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Alessandra Corsini lives in Rome. As a transactional analyst, she has been working for years with troubled children, adults and families. She won the Saint-Vincent prize for journalism (1977). She published “L’ultimo cielo” in the collection NOTTURNI ITALIANI (1999), and IL VENTO RACCONTA (2000), for which she won the Emily Dickinson Prize (2003). RISO BIANCO was published in 2005. The book was presented at the Frankfurt Buchmesse in 2006 as a Guest of Honour for India, at the Fiera dell’Editoria (Publishing Houses Fair) in Matelica and at the 13h, the first Italian reading and theatre marathon in Agugliano (Ancona). In 2007, she was the moderator at the presentation of CALCO, a poetry book by Monica Maggi, at the third edition of POETEKA, International Poetry Festival in Durazzo (Albania). Some of her poetry was published in the JOURNAL OF ITALIAN TRANSLATIONS of New York (Ed. Luigi Bonaffini, April 2008, translation by Diana Festa). Alessandra Corsini has a very deep knowledge of esoteric and spiritual disciplines; she loves travelling and beauty.
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- by Alessandra Corsini(Translation by Scott Sussman & Francesca Serraino Fiory)

This is a continuation of Riso Bianco - Part II from our Apr 2008 issue.

 The first day

The first day is one of sleep and dust. The train, Anadpur Sahib train station, master Jogi Bahjan’s house, guards at the gate, cows, men, children, women at the river. We meet at breakfast in the kingdom of fairy tales. Everything is white, clean and we are being served. Our luggage, our clothes, showers, yoga class at 10.30 a.m.

We leave our room all dressed in white, smiling, calm. It looks like a college for wealthy girls. But we’re really looking for peace, for something that leaves everybody unscathed while annihilating the past.

We study the lives of the Gurus. On the first day we study the life of Nenak, sign of the zodiac: Aries. Ironic, nice, he felt very lonely as a child, him too. I like the lives of the saints, the lives of heroes, people who highlight other people and their good qualities. We have our favourites, those to whom we feel closer, an image of greatness that concerns all of us, no one excluded, no exceptions, not even for a few seconds.

We take a break at noon and have a fake lunch; a cereal or a vegetable soup. Everything is spicy hot and scant. The sun is high. Those who come first earn spots in the shade and pass the time getting to know the place and measuring up their fellow travellers.

Tiredness prevents me from talking. I go to my room and try to get some sleep. Maria Luisa seems to follow orders. She wakes up, sleeps, obeys. How does she do that?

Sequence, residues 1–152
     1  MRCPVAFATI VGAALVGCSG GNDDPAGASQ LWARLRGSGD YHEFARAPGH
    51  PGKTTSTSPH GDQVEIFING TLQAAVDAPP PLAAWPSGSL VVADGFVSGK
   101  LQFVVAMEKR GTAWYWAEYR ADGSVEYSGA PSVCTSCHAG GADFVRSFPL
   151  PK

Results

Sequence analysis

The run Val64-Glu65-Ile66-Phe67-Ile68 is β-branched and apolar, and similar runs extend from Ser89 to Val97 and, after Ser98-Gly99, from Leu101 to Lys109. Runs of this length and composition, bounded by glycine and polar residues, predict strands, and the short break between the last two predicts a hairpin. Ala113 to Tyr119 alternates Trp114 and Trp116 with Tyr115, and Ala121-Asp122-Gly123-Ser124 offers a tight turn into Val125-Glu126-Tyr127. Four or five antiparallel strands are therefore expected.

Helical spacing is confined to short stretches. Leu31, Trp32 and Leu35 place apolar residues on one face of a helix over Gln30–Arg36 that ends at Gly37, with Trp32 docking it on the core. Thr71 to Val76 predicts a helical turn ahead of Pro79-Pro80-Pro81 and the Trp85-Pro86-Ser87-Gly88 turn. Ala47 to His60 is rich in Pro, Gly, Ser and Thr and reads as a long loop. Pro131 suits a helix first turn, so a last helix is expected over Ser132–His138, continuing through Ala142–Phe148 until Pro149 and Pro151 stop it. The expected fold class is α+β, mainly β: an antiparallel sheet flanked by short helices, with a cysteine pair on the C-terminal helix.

2.30 p.m. Lesson on the Japji Sahib. An inborn sense of duty pushes me to get up when I was about to fall asleep. Now it’s broad daylight, somebody is missing, it’s time for an afternoon nap. Paolo lies down and falls asleep. A lot of us would like to do the same, but we keep listening, because you never know. Everything can be useful. We subdivide everything. Avtar’s Italian sounds horrible, but how can you resist such a beautiful prayer? “Ik Ong Kar Sat Nam Karta-purakh Nirbau Nirvair.” If it’s true that we were sound, I’d like to remember this chant that goes inside the memory of memories, the land we can’t forget, that pulls us in every direction and you never know why you’re crying, calls you at night, goes into your dreams, mixes up faces and love and never dies.

4.00 p.m. yoga class, a short one, we are worn out. We’ve put such a long distance between us and our homes. We chose distance to go on a journey to our hearts.

It’s warm. There are fans but our bodies are about to give up. At the end of the class Sadhana explains to us some notions of yogi numerology. You give an order to your birth date to probe into the plans of the universe, because numbers are the bricks and beams of every house.

Chaos breaks loose. After a nice yoga class there’s nothing better than to keep control. We ask all together. Our voices overlap but we insist.

“I’ve one in my soul.”

“In my karma.”

“In my knowledge.”

“In my gift.”

We get restless, excited and frantic. We want to know more. We want more. We take notes of others’ characteristics, hidden judgements and thoughts give a silent comment upon others’ business, some beauties can’t belong to those who are not pretty, some other beauties, ours, don’t seem to be very important or only a few people listen to them.

“What do you have in your soul?”

“And in the gift?”

Sadhana answers hurriedly, passes over, pleases and disappoints. He is saved by dinner at 17:30 and it will be India, new food, yoga, our journey, thoughts. In turn we’ll lose ounces and pounds. Somebody is happy. Somebody else isn’t.

The sun sets upon our plates. Words and speeches fade away. Michelle and Franciane serve us dinner, they smile at us, they’re here temporarily, they’re touring India to practise yoga, to heal their pain, and receive dreams and silence. Tonight we are too tired to go anywhere. The night falls and people are still praying in the temples. We turn our eyes to the stars. I can’t understand what we’re saying. I go to bed to get accustomed to the new time zone and to start all over again tomorrow.


Second dayf others' characteristics, hidden judgementsand thoughts, silent comments upon others' business, a few beauties can'

We get up at 4.a.m. “Wake up.” Sadhana wakes us up singing. Lucky him.  It’s dark, the only moment when it’s cold. I try an ice cold shower. I have to as long as they don’t fix the thermostat. Besides, according to the yogi philosophy it’s an outstanding remedy. My effort puts me in a very bad mood. Maria Luisa is like a little soldier. She gets up, washes and is ready.


“Good morning.” We mutter a few indefinite words when we meet the others taking our sleep and our blankets with us. Somebody has a sheepskin, something which keeps affecting me even though it is supposed to protect you from negative magnetic fields. It still reminds me of the sheep in the nativity scene.